We're out on the patio. Skylar is studying. He decided to pursue a masters degree in the summers because apparently he's not sufficiently exhausted by medical school. This seems insane to me, but he's young so he can probably handle it.
I'm exhausted enough for the both of us. I've been working nights and weekends for much of the year. I'm supposed to be up for partner at my firm later this summer. How did I get that old? Wasn't I just sitting on a bed in my shared room in college creating a blog on my 15-pound laptop so I could tell my family what I was up to?
A few weeks ago I started crying in my office for absolutely no reason. It was 11:00 PM and I just started crying. And then I started laughing because I wasn't sure why I was crying. Then I packed up my stuff and drove home.
Skylar was studying when I got there. He was sitting on the couch, Duncan curled up next to him. It was strange how guilty I felt to just be getting home. I never used to feel that way when there was nothing waiting for me at home. I had gotten really used to nothing waiting for me at home.
We went to bed, and slept hard, waking up the next morning to do it all again.
I wondered that day if I was wasting my life doing things that made me feel exhausted. I thought about the same quandary I've considered a hundred times before. What am I actually accomplishing? Am I failing? Am I helping people? Am I helping my family? Am I helping myself?
Am I just wasting my life doing things that made me feel exhausted to no end?
I thought about those people who die doing what they love. Am I ever going to be one of those people? If I died now, would people say I died doing what I loved? What does that actually mean?
Maybe it doesn't matter that I don't love every minute, or that I don't feel competent every minute, or that I don't feel like I'm actually accomplishing something every minute. I'm supporting my little family--a truly sweet man and a little dog who I'm not embarrassed to say feels very much like my own human baby--especially since it's so hard for me to get my own little human baby. I would really like to have my own human baby.
Maybe supporting my little family so it can be safe and secure and happy and doing what it loves is enough of a purpose that it's ok that I may not be accomplishing much more than fights with opposing counsel and billing clients who are relying on me to get impossible results. Maybe it's enough that I care. Maybe it's just enough that I'm trying, even if not always accomplishing. Or maybe it's not? Maybe I'm not cut out for this?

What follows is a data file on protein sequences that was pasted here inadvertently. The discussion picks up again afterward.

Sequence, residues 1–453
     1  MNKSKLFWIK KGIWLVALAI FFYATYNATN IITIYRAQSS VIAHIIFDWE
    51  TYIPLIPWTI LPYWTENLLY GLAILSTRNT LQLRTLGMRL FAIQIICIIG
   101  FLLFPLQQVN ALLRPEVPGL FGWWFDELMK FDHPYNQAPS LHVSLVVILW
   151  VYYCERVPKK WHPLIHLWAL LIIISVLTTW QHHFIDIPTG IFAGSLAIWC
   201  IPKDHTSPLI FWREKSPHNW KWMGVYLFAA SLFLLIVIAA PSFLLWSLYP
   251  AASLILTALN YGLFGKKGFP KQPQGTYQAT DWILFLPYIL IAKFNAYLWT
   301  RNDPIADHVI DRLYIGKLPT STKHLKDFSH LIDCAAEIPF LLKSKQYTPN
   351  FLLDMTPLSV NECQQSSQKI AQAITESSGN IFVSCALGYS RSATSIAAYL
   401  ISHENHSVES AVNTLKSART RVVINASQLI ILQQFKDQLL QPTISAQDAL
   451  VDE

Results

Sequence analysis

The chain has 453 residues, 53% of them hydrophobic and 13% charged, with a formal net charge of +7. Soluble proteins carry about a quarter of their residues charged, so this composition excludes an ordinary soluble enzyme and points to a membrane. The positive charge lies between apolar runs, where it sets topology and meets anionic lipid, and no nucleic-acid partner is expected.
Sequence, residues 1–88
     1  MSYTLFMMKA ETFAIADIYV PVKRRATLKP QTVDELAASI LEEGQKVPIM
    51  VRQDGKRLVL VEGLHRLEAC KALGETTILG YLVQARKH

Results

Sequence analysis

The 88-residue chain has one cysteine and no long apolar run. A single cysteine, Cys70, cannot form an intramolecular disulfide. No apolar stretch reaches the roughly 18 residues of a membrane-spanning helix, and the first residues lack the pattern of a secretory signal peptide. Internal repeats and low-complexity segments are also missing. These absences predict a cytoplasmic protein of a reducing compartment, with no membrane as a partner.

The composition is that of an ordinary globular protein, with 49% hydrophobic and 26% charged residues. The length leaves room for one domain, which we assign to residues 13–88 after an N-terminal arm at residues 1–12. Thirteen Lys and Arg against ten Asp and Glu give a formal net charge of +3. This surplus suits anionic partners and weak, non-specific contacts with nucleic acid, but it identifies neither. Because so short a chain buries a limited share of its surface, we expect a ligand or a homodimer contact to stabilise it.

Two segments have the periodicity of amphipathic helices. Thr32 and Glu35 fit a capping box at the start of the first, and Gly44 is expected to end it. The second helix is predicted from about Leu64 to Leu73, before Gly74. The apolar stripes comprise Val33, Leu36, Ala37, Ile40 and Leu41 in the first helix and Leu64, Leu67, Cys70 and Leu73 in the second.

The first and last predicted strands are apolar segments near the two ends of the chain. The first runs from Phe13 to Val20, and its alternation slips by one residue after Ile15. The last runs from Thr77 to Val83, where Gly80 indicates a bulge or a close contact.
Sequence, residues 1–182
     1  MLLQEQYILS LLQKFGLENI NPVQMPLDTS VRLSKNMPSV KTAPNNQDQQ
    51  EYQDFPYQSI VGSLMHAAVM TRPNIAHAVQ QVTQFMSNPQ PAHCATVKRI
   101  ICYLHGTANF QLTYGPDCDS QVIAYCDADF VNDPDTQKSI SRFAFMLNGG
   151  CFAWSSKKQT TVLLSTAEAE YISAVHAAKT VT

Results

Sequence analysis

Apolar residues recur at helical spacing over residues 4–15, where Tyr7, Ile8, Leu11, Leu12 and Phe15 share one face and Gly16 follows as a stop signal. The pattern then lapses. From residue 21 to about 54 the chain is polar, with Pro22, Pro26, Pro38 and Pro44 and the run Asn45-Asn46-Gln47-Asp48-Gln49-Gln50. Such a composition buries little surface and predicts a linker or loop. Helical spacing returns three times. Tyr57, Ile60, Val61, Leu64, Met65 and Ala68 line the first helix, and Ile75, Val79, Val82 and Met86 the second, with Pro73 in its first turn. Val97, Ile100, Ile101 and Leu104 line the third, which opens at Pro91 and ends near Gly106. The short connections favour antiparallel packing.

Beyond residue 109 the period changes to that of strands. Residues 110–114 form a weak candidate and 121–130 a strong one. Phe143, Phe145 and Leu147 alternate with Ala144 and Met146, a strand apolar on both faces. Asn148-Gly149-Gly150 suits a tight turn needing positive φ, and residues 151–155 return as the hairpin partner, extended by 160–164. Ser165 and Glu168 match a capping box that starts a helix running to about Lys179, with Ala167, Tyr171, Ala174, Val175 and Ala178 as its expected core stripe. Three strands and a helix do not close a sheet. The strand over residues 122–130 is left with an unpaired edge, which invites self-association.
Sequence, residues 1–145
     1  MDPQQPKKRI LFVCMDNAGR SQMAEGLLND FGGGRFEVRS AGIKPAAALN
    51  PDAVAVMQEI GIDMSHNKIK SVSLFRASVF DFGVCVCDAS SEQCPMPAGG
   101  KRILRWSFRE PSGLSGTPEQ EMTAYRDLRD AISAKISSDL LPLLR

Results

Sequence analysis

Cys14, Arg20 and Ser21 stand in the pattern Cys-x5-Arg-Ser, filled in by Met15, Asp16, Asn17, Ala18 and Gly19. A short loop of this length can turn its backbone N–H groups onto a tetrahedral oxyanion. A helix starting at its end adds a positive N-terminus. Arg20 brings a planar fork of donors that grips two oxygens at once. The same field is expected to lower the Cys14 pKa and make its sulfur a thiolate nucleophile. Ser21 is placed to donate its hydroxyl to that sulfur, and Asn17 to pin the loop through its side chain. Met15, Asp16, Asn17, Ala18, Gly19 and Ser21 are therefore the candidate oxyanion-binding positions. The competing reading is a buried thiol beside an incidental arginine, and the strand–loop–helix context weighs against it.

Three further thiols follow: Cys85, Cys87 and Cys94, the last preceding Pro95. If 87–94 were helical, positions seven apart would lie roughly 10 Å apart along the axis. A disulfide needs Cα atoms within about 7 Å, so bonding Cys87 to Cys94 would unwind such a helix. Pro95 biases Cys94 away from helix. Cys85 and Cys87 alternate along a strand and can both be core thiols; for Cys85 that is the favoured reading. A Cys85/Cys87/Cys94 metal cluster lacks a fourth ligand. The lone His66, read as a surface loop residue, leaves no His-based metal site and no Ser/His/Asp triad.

Skylar is tossing the ball for Duncan while staring into his iPad. A candle is lit between us. It's supposed to repel the bugs--the kind that bite. It's blowing smoke in every direction. I'm not sure it's working. We light it every night while we sit out here and write and work and study until bedtime and I still have bug bites up and down my arms. Maybe all it does is blow smoke.
I'll write. I'll write this. He'll study that. Eventually we'll go to bed, and then we'll get up and do it again. We'll be grateful. We'll be tired. We'll feel guilty when we complain that we're tired because it might mean we're not grateful enough. We should really be more grateful.
Hopefully we won't feel too stressed that we don't have all the answers--that we don't know whether we're doing the right things--that we don't know whether we're ever supposed to have all the answers.
Hopefully we'll remember to breathe a little.
Hopefully we'll remember to be happy to have one another.
Hopefully we'll remember that we don't have to be perfect to be proud of ourselves.
Hopefully we'll remember that to be unsure is human, and that's ok.
(Find resources at BetterHelp.com.)
~It Just Gets Stranger